Nest-site attendance and foraging ecology of the Northern Fulmar (Fulmarus glacialis) on the Faroe Islands. Is the Northern Fulmar a useful indicator of ecosystem productivity and pollution?

Johannis Danielsen

Research output: ThesisDoctoral Thesis (compilation)

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The Northern Fulmar (Fulmarus glacialis) is one of the most abundant seabirds in the Northern Hemisphere and the most abundant seabird on the Faroe Islands. Except from a few sporadic observations up until the 1950´s no study has focused on this species on the Faroe Islands. Being considered a significant consumer of marine resources in the Faroese marine ecosystem a closer study of this species´ breeding and feeding ecology and life-history in general was needed. The nest-site attendance was studied at two colonies, one located on a cliff by the sea while the other was a so called "inland colony" located about 1 km from the sea. At the colony by the sea, nest-site observations were done from 2004 to 2007 with binoculars and surveillance cameras with infrared leds. This made it possible to make observations both day and night throughout the year in order to study in greater detail individual nest-site patterns and breeding ecology. At the inland colony observations were done monthly from 1995 to 2009 in order to study the effect wind, temperature and marine ecosystem productivity had on nest-site attendance. In addition to this a diet and a pollution study was done in cooperation with the international Fulmar study group Save the North Sea (SNS). The general attendance pattern was a peak in April, when pairs are bonding and most of the copulations are done, followed by an abandonment of the nests until late May when the eggs are laid, the so called pre-laying exodus. The birds stayed at the colony all daylight hours then left the colony when the sun set, only to return with the sun rise. The colony by the sea was more or less abandoned in September with birds returning in December while at the inland colony, which was bigger, the birds were present all year except in October. During the non-breeding season wind speed seemed to regulate nest-site attendance while during the breeding season it was the marine ecosystem productivity closer to land. Fish was the major food source, supplemented with squid, polychaetes, crustaceans and scavenged prey. Surprisingly the mesopelagic Glacier Lanterfish (Benthosema glaciale) which lives at around 400 meter depth dominated in frequency of occurrence in the diet. Interestingly this species has a nocturnal vertical migration taking it all the way to the surface in search of zoo plankton. Being a surface feeder that takes all its food out at sea the Fulmar is known to ingest marine litter like plastics, and worryingly 58% (regional range 46-78%) of the birds had more then 0.1 g of plastic in the stomach.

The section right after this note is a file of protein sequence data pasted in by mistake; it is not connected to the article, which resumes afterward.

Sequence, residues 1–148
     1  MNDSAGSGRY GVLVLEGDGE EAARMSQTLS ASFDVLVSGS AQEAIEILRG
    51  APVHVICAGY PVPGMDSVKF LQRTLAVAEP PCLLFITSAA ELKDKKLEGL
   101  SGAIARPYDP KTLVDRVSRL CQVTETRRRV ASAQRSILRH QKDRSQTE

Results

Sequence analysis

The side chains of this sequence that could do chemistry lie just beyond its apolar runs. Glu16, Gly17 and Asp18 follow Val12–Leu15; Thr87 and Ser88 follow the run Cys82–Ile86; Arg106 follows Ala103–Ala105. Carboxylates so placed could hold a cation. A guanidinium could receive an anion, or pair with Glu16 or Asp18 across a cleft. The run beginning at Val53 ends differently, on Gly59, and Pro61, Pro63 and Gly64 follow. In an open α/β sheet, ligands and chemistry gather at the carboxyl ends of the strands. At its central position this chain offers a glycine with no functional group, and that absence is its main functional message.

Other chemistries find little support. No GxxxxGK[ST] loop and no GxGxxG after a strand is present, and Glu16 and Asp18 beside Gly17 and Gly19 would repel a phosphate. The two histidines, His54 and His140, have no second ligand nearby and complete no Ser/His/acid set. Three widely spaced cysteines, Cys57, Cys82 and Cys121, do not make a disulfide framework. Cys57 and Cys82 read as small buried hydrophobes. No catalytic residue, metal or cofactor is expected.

Original languageEnglish
Awarding Institution
  • Department of Biology
  • Bengtson, Sven-Axel, Supervisor
Award date2011 Oct 7
Print ISBNs978-91-7473-150-7
Publication statusPublished - 2011

Bibliographical note

Defence details

Date: 2011-10-07
Time: 13:00
Place: Blå Hallen, Department of Ecology, Animal Ecology Ecology Building SE-223 62 Lund, Sweden

External reviewer(s)

Name: Garthe, Stefan
Title: Dr.
Affiliation: Research and Technology Centre Westcoast, University of Kiel, Hafentoern 1, D-25761 Buesum, Germany


The information about affiliations in this record was updated in December 2015.
The record was previously connected to the following departments: Animal Ecology (Closed 2011) (011012001)

Subject classification (UKÄ)

  • Ecology


  • Nest-site attendance
  • foraging ecology
  • indicator species
  • Fulmar
  • Fulmarus glacialis
  • nocturnal activity
  • ecosystem productivity
  • pollution
  • mesopelagic fish


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